…wars are fought by the finest people that there are, or just say people, although, the closer you are to where they are fighting, the finer people you meet; but they are made, provoked and initiated by straight economic rivalries and by swine that stand to profit from them. I believe that all the people who stand to profit by a war and who help provoke it should be shot on the first day it starts by accredited representatives of the loyal citizens of their country who will fight it. The author of this book would be very glad to take charge of this shooting, if legally delegated by those who will fight, and see that it would be performed as humanely and correctly as possible (some of the shoot-ees would undoubtedly behave more correctly than others) and see that all the bodies were given decent burial. We might even arrange to have them buried in cellophane or any one of the newer plastic materials. If, at the end of the day, there was any evidence that I had in any way provoked the new war or had not performed my delegated duties correctly, I would be willing, if not pleased, to be shot by the same firing squad and be buried either with or without cellophane or be left naked on a hill.

One writing technique stands out profoundly in this book and Hemingway’s other writing: repetition. He used repetition boldly, unapologetically, and masterfully.

There are so many passages highlighted by me that hard to share any specific ones. Here are some painstakingly selected few:

There was a great contrast between his world pessimism and personal cheeriness.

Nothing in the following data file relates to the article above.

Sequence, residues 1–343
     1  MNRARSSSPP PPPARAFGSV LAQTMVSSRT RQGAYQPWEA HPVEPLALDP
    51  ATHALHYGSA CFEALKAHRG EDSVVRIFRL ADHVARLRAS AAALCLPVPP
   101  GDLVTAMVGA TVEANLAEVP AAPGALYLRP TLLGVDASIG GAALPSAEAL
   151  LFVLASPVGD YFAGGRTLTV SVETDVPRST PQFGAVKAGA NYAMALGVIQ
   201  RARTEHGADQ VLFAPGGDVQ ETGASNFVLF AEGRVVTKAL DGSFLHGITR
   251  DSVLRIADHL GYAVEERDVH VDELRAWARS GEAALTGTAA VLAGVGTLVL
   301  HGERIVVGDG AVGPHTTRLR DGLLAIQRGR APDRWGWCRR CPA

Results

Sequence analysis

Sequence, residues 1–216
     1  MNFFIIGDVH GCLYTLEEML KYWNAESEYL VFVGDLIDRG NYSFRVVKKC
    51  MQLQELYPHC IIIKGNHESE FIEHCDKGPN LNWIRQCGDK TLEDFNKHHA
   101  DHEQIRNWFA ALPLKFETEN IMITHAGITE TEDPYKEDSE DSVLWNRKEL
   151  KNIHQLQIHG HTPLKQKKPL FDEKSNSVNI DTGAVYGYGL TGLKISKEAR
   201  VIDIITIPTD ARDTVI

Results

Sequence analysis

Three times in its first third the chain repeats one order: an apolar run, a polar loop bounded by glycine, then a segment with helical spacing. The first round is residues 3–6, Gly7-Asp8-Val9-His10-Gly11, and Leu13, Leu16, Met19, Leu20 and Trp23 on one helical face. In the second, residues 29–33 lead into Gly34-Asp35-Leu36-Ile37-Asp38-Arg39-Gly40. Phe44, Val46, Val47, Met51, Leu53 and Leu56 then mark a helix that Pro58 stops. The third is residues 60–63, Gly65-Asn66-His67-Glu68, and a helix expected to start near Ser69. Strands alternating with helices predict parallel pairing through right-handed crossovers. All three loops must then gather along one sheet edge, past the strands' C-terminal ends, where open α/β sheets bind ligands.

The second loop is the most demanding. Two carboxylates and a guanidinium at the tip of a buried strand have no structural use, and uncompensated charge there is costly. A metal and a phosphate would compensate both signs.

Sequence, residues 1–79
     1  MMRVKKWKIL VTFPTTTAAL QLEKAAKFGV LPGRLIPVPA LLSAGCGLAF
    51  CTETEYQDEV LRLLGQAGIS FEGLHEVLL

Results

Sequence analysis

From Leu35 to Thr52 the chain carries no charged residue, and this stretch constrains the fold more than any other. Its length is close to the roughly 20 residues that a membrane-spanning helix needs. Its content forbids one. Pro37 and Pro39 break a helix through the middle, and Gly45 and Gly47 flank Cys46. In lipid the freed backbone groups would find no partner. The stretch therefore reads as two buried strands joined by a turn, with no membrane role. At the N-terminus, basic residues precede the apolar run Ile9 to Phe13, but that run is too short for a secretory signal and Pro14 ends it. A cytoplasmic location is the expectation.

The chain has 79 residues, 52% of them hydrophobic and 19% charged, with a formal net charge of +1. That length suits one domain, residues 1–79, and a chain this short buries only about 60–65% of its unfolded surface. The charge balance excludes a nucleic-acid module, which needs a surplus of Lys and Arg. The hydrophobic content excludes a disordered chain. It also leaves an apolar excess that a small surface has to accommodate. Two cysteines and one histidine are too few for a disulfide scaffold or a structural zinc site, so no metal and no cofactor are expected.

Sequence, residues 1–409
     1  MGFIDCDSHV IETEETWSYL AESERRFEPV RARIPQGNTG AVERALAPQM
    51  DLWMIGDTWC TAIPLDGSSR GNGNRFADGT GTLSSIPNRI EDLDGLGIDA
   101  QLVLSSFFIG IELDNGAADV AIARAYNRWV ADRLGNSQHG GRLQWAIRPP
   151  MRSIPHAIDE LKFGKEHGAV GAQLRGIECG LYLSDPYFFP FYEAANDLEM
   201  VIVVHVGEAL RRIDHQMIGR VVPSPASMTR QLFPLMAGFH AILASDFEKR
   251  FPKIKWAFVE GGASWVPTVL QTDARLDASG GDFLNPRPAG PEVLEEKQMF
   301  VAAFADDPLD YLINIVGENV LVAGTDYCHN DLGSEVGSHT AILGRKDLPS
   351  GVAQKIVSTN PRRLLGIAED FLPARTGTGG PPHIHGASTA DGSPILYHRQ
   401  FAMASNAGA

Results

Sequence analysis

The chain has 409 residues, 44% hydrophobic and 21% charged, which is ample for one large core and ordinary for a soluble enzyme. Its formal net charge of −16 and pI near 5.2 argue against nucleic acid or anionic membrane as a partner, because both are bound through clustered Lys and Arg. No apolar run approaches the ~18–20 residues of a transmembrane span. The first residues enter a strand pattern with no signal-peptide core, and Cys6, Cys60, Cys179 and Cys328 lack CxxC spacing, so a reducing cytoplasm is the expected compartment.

“Now I am depressed myself,” I said. “That’s why I never think about these things. I never think and yet when I begin to talk I say the things I have found out in my mind without thinking.”

The questioners had that beautiful detachment and devotion to stern justice of men dealing in death without being in any danger of it.

I did not say anything. I was always embarrassed by the words sacred, glorious, and sacrifice and the expression in vain. We had heard them, sometimes standing in the rain almost out of earshot, so that only the shouted words came through, and had read them, on proclamations that were slapped up by billposters over other proclamations, now for a long time, and I had seen nothing sacred, and the things that were glorious had no glory and the sacrifices were like the stockyards at Chicago if nothing was done with the meat except to bury it. There were many words that you could not stand to hear and finally only the names of places had dignity. Certain numbers were the same way and certain dates and these with the names of the places were all you could say and have them mean anything. Abstract words such as glory, honor, courage, or hallow were obscene beside the concrete names of villages, the numbers of roads, the names of rivers, the numbers of regiments and the dates.

“No, that is the great fallacy; the wisdom of old men. They do not grow wise. They grow careful.”

The nurse went into the room and shut the door. I sat outside in the hall. Everything was gone inside of me. I did not think. I could not think. I knew she was going to die and I prayed that she would not. Don’t let her die. Oh, God, please don’t let her die. I’ll do anything for you if you won’t let her die. Please, please, please, dear God, don’t let her die. Dear God, don’t let her die. Please, please, please don’t let her die. God please make her not die. I’ll do anything you say if you don’t let her die. You took the baby but don’t let her die. That was all right but don’t let her die. Please, please, dear God, don’t let her die.

The last paragraph quoted above spoke precisely what went on in my mind in silence and many times crying out in private for a lengthy period of time time, when my father was in imminent danger of death. Hemingway wrote about waking up sweating and scared and then went back to sleep trying to stay outside of his dream. Having great command of English language and being able to write about my dreams is a dream of mine. Presently, I shall not open this Pandora’s box yet.